Heat island is the name of a phenomenon given by scientists to describe an elevated temperature in urban areas compared to the surrounding rural areas. Cities can be 9 to 16 degrees Fahrenheit warmer than surrounding areas due to a reduction in vegetation and an increase in dark surfaces from paving and roofing.
Figure 1 LBNL Website: http://heatisland.lbl.gov
Up to 60 percent of the horizontal surface area of a city is covered by buildings and paving. These dark surfaces such as black roofs and dark pavements generally have a low solar reflectance, so they absorb heat from the sun and warm the air through convection. Lighter-colored materials (such as concrete) generally have a higher solar reflectance, so they reflect heat from the sun. Shade, from trees and buildings, and the natural process of evaporation of water from the surface of plants also help keep the air cool.
Why Does This Matter?
The daily temperature rise on hot days results in an increase in the total and peak energy consumption in all major cities due to an increase in the air conditioning load. Research indicates that peak electricity demand increases by about 2 to 4 percent for every 1 degree Fahrenheit. This results in more cost to every consumer and more greenhouse gasses generated to produce the needed power.
Higher air temperatures also contribute to smog formation. As urban temperatures rise, so does the probability of smog and pollution. Research has shown that the average temperature of Los Angeles, California, has risen steadily over the past half century, and is now 6 to 7 degrees Fahrenheit warmer, with the probability of smog increasing 3 percent with every degree Fahrenheit of temperature rise.
With 80 percent of Americans now living in urban areas, heat islands can cause serious health issues for millions of people. Heat is the Number 1 weather-related killer in the U.S., particularly for days over 90 degrees Fahrenheit, which are associated with heat strokes, asthma attacks, heart attacks, and other serious health impacts.1
How does Concrete Help?
Concrete provides reflective surfaces that minimize the heat island effect. Heat islands are primarily attributed to horizontal surfaces such as roofs and pavements that absorb solar radiation. In this context, pavements include roads, parking lots, driveways and sidewalks, which can comprise 25 to 40 percent of a city's surface. Where paved surfaces are required, materials with higher solar reflectance (albedo), such as concrete, will reduce the heat island effect, save energy by reducing the demand for air conditioning, and improve air quality.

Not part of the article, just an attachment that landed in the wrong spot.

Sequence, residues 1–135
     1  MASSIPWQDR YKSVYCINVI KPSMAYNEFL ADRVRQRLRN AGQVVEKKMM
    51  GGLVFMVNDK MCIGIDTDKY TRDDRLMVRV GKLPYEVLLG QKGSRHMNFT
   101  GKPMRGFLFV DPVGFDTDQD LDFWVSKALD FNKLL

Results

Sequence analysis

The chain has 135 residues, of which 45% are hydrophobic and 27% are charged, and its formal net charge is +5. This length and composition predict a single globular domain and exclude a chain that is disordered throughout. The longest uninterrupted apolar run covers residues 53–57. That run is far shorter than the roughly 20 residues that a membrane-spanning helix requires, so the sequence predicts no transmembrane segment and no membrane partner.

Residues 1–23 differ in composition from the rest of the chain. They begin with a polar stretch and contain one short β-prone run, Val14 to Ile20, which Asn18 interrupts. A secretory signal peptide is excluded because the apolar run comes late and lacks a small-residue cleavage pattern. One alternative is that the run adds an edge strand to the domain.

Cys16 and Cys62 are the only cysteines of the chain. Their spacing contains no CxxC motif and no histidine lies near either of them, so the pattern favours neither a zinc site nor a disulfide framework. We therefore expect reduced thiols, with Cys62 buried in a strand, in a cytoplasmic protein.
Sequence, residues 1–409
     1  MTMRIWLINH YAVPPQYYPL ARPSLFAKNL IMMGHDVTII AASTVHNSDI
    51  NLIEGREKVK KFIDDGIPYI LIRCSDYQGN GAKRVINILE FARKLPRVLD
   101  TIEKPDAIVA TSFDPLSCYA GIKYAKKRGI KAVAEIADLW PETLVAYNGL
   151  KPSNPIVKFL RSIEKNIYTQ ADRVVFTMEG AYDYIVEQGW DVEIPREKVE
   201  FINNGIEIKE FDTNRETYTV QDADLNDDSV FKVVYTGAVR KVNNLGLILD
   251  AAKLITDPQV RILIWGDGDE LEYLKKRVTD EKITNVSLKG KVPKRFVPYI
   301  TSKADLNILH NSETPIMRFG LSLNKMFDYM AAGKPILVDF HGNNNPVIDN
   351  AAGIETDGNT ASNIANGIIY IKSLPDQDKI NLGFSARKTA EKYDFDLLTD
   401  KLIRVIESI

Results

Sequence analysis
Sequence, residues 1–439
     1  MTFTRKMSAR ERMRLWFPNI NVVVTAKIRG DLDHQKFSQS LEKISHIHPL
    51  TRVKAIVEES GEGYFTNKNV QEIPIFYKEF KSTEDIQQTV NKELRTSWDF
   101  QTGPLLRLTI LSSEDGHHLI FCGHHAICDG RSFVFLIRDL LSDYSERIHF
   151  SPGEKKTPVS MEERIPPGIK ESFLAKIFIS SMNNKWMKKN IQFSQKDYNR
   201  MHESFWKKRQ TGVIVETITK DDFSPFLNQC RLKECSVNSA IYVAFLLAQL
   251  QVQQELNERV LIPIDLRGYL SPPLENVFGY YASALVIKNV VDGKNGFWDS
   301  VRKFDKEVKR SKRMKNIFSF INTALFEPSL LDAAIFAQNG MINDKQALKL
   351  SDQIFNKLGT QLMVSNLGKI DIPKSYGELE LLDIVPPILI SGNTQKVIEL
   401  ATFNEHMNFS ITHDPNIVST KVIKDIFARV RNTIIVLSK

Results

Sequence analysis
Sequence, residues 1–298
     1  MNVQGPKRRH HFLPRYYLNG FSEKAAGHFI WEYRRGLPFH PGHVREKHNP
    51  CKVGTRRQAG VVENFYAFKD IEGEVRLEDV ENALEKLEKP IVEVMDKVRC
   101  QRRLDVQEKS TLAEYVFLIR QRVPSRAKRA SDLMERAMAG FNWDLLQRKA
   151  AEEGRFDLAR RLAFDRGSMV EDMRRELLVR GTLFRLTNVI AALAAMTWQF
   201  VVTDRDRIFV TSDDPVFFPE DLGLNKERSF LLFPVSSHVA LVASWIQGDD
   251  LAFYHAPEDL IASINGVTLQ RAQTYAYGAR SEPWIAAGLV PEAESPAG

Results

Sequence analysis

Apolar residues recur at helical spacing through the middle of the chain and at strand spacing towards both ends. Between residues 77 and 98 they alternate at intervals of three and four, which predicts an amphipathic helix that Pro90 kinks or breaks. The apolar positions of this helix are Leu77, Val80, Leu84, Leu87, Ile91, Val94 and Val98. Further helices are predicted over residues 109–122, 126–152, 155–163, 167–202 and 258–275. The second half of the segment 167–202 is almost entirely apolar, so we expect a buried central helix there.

Figure 2 - Infra imaging of concrete parking lot and asphalt pavement. Red = warmest; blue = coolest. Image courtesy of www.pavement4life.org.
The daily temperature rise on hot days results in an increase in the peak energy consumption in all major cities due to an increase in the air conditioning load. Smog levels have also been correlated to temperature rise. Thus, as the temperature of urban areas increases, so does the probability of smog and pollution. In Los Angeles, the probability of smog increases by 3 percent with every degree Fahrentheit of temperature rise.
How Is Solar Reflectance Measured?
Solar reflectance (albedo) is the ratio of the amount of solar radiation reflected from a surface to the total amount reaching that surface. This includes the light we can see as well as the ultraviolet light and infrared radiation we can’t see. Ordinary portland cement concrete generally has a solar reflectance of approximately 0.35 to 0.45, although this can diminish as the surfaces become dirty or worn. Surface finishing techniques and drying time also affect solar reflectance. Solar reflectance is most commonly measured using a solar reflectometer (ASTM C1549) or a pyranometer (ASTM E1918).
The temperature of a surface depends on both the surface’s reflectance and emittance. Emittance is a measure of how well a surface emits or releases heat. The Solar Reflectance Index (SRI) is used to determine the effect of the reflectance and emittance on the surface temperature, and varies from 100 for a pure white surface to zero for a standard black surface.
Table 1. Solar reflectance (albedo), Emittance, and Solar Reflective Index (SRI) of select material surfaces
Heat Island Reduction